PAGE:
In the continuing learning curve about marketing in today’s environment, I have now found another tool – the bookclub. I stumbled upon it almost by accident when reading an article about how to market your book. It suggested that I begin with my own bookclub.
It takes a great deal of chutzpah I thought to ask the members of your book club to buy your book and agree to discuss it at a meeting. Before I could get up that chutzpah, another member of the club saved me the personal agony. As soon as she saw me after the publication of “Lost and Found,” she asked me, “when are we going to read your book in the bookclub?” She made it so simple and for that I was truly grateful.
Before we could even get to the book in my own club, I had the pleasure of appearing at another local group which had decided to read the book. They welcomed me with awe and respect for my accomplishment which I cannot deny was in itself a truly rewarding experience. Discussion at our bookclub was marvelous. It was lively, full of many interesting questions and diversions. I was so pleased that so many readers found different aspects of “Lost and Found” related to their own lives and that they so enjoyed reading the memoir.
So now whenever a reader comments on my book I inquire about whether they belong to a bookclub and whether their club might be interested in my coming to discuss the book. Each such experience presents new viewpoints and allows me to share the book with others.
At a recent reading, a member of the audience asked if my memoir, LOST and FOUND: Surviving Displacement, Finding Love, Uncovering Secrets, was available as an e-book. At first, I was taken aback. I love the feel of a new book, the smell of the ink and way the words dance across the page. So I have resisted moving to digital books.
However, when I learned that her question was motivated by an eyesight problem, my attitude changed entirely. The reader suffers from macular degeneration and a digital reader makes it possible for her to read. I realized she was paying me a compliment. She wanted to read my book. It took a few weeks to convert the manuscript to a digital copy and then upload it to the various sellers.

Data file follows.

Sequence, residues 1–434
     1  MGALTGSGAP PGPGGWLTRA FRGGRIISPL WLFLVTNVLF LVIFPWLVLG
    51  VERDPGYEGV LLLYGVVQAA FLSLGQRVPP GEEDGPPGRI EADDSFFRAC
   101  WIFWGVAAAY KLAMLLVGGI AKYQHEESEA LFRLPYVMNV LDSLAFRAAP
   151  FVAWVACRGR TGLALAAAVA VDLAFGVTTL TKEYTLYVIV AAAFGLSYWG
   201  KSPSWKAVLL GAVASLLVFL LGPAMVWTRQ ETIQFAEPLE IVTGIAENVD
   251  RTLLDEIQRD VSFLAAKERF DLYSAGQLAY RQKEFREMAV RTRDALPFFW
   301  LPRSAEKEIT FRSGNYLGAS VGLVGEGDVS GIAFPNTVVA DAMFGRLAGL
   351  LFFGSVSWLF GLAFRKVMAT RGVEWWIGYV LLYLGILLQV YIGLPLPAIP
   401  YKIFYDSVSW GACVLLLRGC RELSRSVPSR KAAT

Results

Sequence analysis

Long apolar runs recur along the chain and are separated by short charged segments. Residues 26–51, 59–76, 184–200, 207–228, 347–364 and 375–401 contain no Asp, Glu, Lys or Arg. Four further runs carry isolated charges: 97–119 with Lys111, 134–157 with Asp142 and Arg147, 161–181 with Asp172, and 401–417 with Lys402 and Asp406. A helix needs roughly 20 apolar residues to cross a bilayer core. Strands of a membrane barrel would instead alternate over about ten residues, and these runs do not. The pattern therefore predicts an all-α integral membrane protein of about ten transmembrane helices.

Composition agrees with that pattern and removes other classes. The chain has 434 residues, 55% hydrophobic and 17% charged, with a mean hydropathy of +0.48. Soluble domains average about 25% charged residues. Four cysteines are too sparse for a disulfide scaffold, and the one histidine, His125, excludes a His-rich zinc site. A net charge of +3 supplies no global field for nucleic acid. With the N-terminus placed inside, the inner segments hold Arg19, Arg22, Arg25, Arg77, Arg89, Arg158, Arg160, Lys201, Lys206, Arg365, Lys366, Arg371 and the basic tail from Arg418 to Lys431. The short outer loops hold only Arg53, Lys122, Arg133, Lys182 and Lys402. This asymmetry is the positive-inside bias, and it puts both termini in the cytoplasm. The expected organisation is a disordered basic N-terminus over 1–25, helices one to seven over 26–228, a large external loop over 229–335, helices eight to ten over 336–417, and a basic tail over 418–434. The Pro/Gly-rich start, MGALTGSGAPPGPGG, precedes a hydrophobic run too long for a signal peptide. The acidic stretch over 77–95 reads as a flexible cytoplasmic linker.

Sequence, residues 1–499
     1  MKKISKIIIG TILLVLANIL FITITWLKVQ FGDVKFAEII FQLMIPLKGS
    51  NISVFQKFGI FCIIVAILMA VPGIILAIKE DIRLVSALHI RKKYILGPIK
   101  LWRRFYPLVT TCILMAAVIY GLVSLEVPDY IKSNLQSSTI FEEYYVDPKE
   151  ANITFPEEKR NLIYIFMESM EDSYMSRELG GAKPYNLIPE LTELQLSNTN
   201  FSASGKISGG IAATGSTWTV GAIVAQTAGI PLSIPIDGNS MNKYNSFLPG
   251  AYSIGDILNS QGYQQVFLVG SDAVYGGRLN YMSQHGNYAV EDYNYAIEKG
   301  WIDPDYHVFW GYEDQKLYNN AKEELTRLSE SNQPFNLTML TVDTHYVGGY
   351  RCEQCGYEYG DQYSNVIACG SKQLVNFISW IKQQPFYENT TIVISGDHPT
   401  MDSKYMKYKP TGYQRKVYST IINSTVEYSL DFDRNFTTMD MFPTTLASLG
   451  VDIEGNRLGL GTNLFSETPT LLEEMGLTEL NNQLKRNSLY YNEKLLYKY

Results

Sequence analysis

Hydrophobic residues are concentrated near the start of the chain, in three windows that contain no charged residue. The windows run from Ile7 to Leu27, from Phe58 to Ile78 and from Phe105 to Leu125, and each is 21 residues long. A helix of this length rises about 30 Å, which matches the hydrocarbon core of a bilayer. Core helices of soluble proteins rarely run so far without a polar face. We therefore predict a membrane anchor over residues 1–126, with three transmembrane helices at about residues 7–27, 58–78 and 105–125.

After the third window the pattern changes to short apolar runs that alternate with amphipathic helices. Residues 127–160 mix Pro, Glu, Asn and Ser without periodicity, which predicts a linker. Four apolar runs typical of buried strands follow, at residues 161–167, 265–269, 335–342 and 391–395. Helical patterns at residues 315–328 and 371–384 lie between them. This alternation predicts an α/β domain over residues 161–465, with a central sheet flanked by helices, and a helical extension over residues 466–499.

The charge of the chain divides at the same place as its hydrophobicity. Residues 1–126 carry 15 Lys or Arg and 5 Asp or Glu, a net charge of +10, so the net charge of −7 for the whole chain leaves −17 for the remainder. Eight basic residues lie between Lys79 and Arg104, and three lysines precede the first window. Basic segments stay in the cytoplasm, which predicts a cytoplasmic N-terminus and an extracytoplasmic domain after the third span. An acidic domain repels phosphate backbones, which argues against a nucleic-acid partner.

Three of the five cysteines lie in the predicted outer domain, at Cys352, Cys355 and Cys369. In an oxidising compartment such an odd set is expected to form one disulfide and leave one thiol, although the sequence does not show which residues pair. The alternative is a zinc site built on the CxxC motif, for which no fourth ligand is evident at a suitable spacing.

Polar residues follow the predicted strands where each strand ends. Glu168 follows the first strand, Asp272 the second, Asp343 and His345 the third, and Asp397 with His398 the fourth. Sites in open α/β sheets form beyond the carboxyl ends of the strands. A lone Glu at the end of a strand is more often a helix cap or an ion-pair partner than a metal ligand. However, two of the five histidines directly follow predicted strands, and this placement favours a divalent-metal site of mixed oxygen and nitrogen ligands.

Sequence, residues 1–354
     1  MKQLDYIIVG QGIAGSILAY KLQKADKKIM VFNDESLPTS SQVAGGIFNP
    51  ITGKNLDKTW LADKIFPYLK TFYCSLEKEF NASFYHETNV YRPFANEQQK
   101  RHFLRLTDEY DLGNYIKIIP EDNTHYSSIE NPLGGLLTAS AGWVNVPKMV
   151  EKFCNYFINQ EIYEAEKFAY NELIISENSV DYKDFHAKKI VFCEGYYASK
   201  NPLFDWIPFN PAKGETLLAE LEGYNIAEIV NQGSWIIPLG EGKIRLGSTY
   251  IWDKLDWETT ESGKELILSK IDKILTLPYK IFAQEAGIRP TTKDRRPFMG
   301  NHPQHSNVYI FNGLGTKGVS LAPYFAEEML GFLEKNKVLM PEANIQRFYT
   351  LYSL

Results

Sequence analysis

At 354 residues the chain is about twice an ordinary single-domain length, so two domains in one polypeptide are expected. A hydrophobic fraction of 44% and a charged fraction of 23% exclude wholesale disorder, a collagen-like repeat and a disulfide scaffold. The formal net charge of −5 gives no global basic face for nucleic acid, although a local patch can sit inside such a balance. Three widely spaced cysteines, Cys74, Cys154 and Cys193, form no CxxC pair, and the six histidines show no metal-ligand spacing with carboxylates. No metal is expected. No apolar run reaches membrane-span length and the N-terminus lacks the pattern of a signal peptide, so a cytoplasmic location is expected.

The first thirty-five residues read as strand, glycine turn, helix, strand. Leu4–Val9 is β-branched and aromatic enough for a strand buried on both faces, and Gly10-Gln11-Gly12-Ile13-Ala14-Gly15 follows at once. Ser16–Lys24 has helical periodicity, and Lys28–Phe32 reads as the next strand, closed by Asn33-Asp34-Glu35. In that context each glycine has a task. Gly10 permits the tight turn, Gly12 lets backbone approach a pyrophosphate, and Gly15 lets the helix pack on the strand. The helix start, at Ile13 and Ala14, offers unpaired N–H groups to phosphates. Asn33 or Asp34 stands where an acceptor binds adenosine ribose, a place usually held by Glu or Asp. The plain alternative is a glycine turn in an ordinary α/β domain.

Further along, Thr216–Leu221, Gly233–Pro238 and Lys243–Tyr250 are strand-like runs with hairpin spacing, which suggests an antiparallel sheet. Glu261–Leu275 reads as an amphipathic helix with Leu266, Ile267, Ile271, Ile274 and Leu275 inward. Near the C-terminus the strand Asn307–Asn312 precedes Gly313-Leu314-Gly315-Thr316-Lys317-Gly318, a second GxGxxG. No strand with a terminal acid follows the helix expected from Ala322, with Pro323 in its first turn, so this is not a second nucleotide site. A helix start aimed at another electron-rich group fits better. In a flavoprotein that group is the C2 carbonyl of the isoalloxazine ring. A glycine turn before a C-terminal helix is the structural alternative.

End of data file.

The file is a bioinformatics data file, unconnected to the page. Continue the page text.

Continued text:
Now I am proud to announce that my memoir is available in hard cover, soft cover and e-book for the Kindle (Amazon) and Nook (Barnes & Noble).
In my continuing efforts to get my book out there, I sent a press release to the local Jewish newspaper. It is the only newspaper that offers local news for the Jewish Community. I was pleasantly pleased when a staff writer contacted me.
It is great publicity and reached many people who are not on any of my social media. Check it out — http://njjewishnews.com/article/35244/local-lawyers-memoir-tracks-what-she-lost-and-found
A few days after I had sent the press release, the journalist called me while I was riding in the back of a friends’ car. I discovered, however, the limitations of this type of interview. It is not as effective as a face to face one. To begin with, the timing was a surprise and caught me off guard. Also, I had no opportunity to build some preliminary rapport and could not judge the reporter’s reactions to my answers. That made it difficult for me to formulate proper responses to some of his questions.
I learned that it is important to speak clearly, and in short sentences, because the journalist also had difficulty figuring out when a sentence was finished and what I was trying to say. In an interview, unlike any writing material, there is no need to try to be brief. It is important instead to take the time in describing the arc of the book and getting the message across about what makes this book an interesting read. It also became clear to me that there are certain basic questions to which I needed to prepare a patent response, such as what the book is about and why I decided to write a book.
While the finished article includes some unfortunate errors , this well-meaning, kind reporter took the time to help me. As I thought about it, it is still great publicity and for that I am grateful.